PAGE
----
As I mentioned earlier, at the end of each day, my students stand in a circle and provide either an appreciation, apology, or an “aha” moment. One day, I told them that I watched a TedTalk that explained that we (as Americans) have more than 75% of the world population. This could mean something as simple as having clothes on our backs, shoes on our feet, or a free public education.  Instead of our typical Appreciation Circle, I wanted them to reflect and think of things that they could be grateful for. I explained that it had to be something beyond, “I am grateful for Fortnite,” or “I am grateful that school is done.” There always seems to be that one kid…

My kids had beautiful responses.

“I am grateful to have friends that support me.”

“I am grateful that I have a mom and a dad.”

“I am grateful to have a fun school.”

“I am grateful that I have a roof over my head and food to eat.”

With such an amazing response, I wanted to extend this activity further. The next day, I showed a One Republic music video- I Lived. In this video, a young man is living with Cystic Fibrosis (CP). Although he has this debilitating disease, he insists on living his life to the fullest. He runs, plays hockey, enjoys summers on the lake, and participates in cycling events. There are many times the videos shows him hooked up to numerous monitors and breathing machines. He compares CP as trying to breathe through a straw. After the video, I took my kids upstairs to our gym to run around to get their heart rate up. They were so confused as to what my plan was. When I had them stop, I gave them each a straw and asked them to try and breathe through it like it was the only way they could breathe. Obviously this was a struggle and something they couldn’t do. When the lesson was over and it was time for them to go to Phy. Ed, I told them, “Remember, we have more than 75% of the global population. Today, I am grateful for my health and my opportunity to share this moment with you.”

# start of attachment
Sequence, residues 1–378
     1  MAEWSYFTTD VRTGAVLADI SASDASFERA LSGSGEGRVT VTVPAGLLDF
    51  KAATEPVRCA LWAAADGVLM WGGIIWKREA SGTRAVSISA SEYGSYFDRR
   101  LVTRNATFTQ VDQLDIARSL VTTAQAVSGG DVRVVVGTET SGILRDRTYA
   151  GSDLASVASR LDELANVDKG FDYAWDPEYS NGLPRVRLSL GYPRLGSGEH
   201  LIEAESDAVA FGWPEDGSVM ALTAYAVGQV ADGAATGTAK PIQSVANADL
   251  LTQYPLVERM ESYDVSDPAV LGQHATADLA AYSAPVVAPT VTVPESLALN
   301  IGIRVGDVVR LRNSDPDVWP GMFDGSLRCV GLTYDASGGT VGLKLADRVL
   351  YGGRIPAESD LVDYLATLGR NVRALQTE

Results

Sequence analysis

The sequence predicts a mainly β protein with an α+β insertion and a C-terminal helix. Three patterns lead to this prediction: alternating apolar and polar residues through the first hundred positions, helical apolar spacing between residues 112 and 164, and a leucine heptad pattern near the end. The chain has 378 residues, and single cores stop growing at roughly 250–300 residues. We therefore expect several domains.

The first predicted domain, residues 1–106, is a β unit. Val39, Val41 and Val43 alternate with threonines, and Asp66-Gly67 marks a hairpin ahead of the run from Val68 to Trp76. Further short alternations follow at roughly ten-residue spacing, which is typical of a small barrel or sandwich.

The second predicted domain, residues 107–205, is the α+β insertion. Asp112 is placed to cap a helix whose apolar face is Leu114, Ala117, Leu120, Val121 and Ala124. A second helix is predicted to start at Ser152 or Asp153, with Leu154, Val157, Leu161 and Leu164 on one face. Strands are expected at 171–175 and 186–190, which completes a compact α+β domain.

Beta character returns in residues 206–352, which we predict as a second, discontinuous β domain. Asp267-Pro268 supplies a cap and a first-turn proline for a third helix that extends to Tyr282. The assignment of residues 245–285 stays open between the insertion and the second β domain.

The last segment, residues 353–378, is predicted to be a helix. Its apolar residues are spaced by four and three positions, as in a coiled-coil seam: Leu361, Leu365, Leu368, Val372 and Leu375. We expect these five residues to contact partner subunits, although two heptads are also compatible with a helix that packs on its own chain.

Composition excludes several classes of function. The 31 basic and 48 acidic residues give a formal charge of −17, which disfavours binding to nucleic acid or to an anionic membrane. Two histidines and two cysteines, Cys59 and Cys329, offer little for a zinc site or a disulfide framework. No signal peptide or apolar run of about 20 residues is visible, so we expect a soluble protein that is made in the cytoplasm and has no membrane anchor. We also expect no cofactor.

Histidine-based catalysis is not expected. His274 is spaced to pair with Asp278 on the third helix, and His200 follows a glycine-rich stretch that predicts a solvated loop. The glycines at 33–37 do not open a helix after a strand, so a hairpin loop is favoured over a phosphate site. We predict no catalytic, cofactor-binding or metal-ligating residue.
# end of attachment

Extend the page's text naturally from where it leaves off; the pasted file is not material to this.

Before I left the gym, I observed their reactions. For most, they were stunned and quiet. For others, they made comments like, “Wow. That is how he breathes? How does he do that?” “If I had to breathe like that, I wouldn’t be able to do sports like he did.” “That is what my asthma feels like.”

Empathy. For some of these kids (and maybe even adults), experiences like this are needed for them to realize how to be empathic human beings. It takes more than just reading and responding. In that moment, my kids needed to experience something that they probably take for granted every single day.  What does it mean to have more than 75% of the global population? Our school is right next to our local homeless shelter! Even students that consider the shelter a home needed a moment to realize that they still have more than others and they can still have appreciation and empathy. There are moments and experiences that we can offer our students to help them build empathy. I got to witness something great that day. I got to experience that “lightbulb moment” ten-fold. Isn’t that what brings us, as educators, the most joy? To see our students realize and get something for the first time? I know it does for me.


Q1: How do you promote empathy & kindness within your classroom?
Q2: How can we encourage more kindness and empathy within our current state in the nation?
Q3: What are your favorite community builders in your room?